This is a pretty decent collection of Service classics.  From a shootout between two hard men, to the cremation of a southerner, to the sawing off of a corpse’s arms, to the amusement at the expense of city slickers, all the big poems are here.  Beck’s grizzly voice, brings these stories to life.  There is also a Beck original ” Ballad of The Bad And The Good” on here as well.

When choosing a sample, I really tried hard not to go with the one that is best known, “The Shooting of Dan McGrew”.  However, i found it so captivating with Beck’s narration.  When the stranger plays the piano, you can hear the music in your head.  It is gripped with emotion and feeling.  Also, it is pretty strange that we learn really nothing about the man who the ballad is named for. So here is “Dan McGrew”. And for good measure, I included my favorite, “The Cremation of Sam McGee”.


Alexandrov Ensemble- Song and Dance of the Soviet Army

The Alexandrov Ensemble, previously known as the Red Army Ensemble/Choir, has been one of my favorites to post since I started this blog.  This album was $1.00.  It should be noted that it was originally bought at the State-owned Russian store Beriozka which sold goods for hard currency, which was illegal for most Soviet citizens to carry.  Go figure.  Anyway, the album is mostly in Russian and the record does not fit in the cover.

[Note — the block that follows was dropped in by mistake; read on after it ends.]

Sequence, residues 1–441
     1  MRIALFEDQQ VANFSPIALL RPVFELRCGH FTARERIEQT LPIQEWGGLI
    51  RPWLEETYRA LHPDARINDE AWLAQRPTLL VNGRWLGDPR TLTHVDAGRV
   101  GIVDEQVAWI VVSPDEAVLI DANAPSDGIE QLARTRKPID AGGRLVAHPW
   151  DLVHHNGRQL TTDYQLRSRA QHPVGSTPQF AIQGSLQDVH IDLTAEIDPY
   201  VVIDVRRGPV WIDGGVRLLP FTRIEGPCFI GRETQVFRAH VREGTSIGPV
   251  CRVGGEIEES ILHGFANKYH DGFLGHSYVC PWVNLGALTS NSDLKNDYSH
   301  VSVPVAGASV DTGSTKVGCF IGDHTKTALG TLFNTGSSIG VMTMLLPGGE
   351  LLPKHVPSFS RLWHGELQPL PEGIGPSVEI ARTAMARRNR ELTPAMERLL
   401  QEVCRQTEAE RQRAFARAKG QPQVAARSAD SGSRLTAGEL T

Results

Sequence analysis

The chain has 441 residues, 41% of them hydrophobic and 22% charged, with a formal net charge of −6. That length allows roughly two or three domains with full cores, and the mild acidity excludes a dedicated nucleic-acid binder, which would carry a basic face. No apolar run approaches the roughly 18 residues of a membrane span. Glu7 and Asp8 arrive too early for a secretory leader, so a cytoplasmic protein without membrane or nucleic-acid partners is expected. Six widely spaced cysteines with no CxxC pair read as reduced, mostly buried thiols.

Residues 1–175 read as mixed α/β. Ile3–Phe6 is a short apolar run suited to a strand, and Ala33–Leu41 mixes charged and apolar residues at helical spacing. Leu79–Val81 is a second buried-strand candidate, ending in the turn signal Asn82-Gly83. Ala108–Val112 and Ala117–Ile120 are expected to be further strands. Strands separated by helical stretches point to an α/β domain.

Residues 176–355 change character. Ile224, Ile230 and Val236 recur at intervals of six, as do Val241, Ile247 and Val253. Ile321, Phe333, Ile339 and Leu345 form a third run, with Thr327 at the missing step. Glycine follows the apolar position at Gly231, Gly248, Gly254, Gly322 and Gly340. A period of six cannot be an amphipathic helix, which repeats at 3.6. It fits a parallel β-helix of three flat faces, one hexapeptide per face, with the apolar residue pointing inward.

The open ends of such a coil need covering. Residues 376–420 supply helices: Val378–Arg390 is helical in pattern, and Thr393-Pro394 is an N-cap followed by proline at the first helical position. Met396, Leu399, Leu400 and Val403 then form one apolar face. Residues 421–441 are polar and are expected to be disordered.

It was a great tragedy both for Russia and the world of music last December, when a plane carrying 64 members of the Ensemble crashed on route to Syria to entertain troops.  No auditions were held in January and by February 18, a new Ensemble was able to perform for Defender of The Fatherland Day.  With a series of concerts scheduled for Russia and Europe, this marks a new chapter for the storied Ensemble.

The chapter of this record, however, goes back a ways.  The band on this record was led by Boris Alexandrov, who took over as director after the death of his father in 1946.  Boris’s father, Alexander Vasilyevich Alexandrov, was the first director as well as the Ensemble’s name sake.  However, under Boris, the the group’s prominence spread outside of Russia.  He was known for his strict discipline and a result, the Ensemble became a highly disciplined unit.  Under Boris’ direction, the group played the historic 1948 Berlin Peace Concert as well as a series of events with Finland’s The Leningrad Cowboys.  Boris retired in 1994 and died the same year.

I do not know much about this record as it is mostly in Russian.  It has 1976 and 1978 on it so I imagine it came out around then, although one would think it was from the 1950’s due to the artwork .  It is a good album.  I like it.  A bunch of Russian tunes.  There were none that I could recognize and they sounded less folksy than other Ensemble records I own.  Plus there was none of that bird call sound that I like.  But despite these things, it is still a good record.  If anyone knows Russian and can tell me anything about this record, plus note I have a comment section.

As I do not know any of the names of the songs, here this is as a sample.  Enjoy.

Satisfactory Record.